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by Kentucky Equine Research Staff

Conception problems are the bane of a broodmare manager’s existence.

“Broodmares are notoriously difficult to manage and early pregnancy loss occurs relatively commonly,” said Laura Petroski-Rose, B.V.M.S., a veterinarian at Kentucky Equine Research.

“Compared to mares that can’t stay in foal, failure to become pregnant is a different scenario wrought with a separate set of concerns,” she added. Reasons why mares may not become pregnant, ranging from easy fixes to the worst-case scenarios, include:

  1. The mare was not in heat when bred due to a persistent corpus luteum (hormone-producing follicle on the ovary stopping ovulation) or is in a transitional phase of estrus or even in anestrus;

  2. Silent heat, possibly because she did not like the stallion, her environment, or may be protecting her foal. Some mares never show outward signs of estrus;

  3. Negative energy balance due to insufficient intake of feed with concomitant low body condition;

  4. Poor reproductive anatomy, including a tilted vulva, which may cause pooling of urine and “windsucking,” a term used to describe noise brought about by aspiration and expulsion of air into the vagina;

  5. Cysts, growths, or scarring along the reproductive tract that hinders sperm from reaching the egg;

  6. Infections causing endometritis; and

  7. Genetic abnormalities, such as chromosomal anomalies.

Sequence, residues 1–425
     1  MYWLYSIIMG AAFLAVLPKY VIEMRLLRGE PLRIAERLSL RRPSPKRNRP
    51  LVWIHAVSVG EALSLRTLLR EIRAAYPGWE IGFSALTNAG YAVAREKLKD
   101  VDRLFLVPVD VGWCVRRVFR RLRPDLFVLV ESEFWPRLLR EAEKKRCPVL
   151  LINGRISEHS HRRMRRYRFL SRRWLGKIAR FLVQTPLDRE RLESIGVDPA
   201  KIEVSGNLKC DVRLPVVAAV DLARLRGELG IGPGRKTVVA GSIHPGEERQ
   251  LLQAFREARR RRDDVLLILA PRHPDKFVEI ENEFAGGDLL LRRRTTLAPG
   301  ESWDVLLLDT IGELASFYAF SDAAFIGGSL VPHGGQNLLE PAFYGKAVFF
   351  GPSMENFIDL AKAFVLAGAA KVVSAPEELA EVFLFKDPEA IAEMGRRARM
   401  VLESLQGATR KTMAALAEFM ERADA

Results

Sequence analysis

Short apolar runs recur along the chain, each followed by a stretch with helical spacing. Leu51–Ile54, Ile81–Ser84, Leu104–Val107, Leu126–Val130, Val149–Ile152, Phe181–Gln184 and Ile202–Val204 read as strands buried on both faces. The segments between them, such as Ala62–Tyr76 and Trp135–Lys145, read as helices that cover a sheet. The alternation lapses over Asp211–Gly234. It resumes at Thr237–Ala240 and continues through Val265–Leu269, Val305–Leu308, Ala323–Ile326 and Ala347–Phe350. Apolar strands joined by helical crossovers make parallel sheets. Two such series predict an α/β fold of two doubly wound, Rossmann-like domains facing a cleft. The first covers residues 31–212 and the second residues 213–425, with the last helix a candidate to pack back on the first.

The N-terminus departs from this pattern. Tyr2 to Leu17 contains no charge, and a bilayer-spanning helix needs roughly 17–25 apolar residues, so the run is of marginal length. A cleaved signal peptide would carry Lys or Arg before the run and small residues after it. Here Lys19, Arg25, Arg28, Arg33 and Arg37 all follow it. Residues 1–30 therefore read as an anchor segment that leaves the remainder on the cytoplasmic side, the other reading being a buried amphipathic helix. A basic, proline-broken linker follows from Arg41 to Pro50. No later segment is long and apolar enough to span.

Photo credit: Equine Info Exchange Staff Photographer
Photo credit: Equine Info Exchange Staff Photographer

Classic examples of genetic abnormalities causing infertility are:

  • Equine Turner’s syndrome, where a mare is missing one of her two X chromosomes, called a 63XO mutation. Horses should have 64 chromosomes, including two sex chromosomes, either XX in females or XY in males.

  • Sex reversal in which a female-appearing horse actually has XY sex chromosomes rather than XX.

Other genetic abnormalities have also been identified in mares. Recently, veterinarians described* a mare with a mixture or mosaic of two separate abnormalities: she was both a 63XO and a 64XY instead of the expected 64XX.

“While we cannot alter an infertile mare’s genetics, we can optimize mare health and nutrition in fertile mares, even those posing a challenge to successfully breed. In addition to managing intake of nutrients and overseeing body condition, consider nutritional supplements such as omega-3 fatty acids to support reproductive health,” advised Petroski-Rose. “The best source of omega-3 fatty acids is fish oil.”

Studies show that omega-3 fatty acid supplements containing both EPA and DHA, such as EO-3 created by Kentucky Equine Research, can help with improving fertility, enriching colostrum quality, and enhancing passive transfer of antibodies to foals.

*Neuhauser, S., J. Handler, C. Schelling, et al. Disorder of sexual development in a mare with an unusual tentative mosaic karyotype: 63,X/64,Xdel(Y). Sexual Development. In press.

This article is published here courtesy of Kentucky Equine Research. Visit for the latest in equine nutrition and management, and subscribe to Equinews to receive these articles directly.

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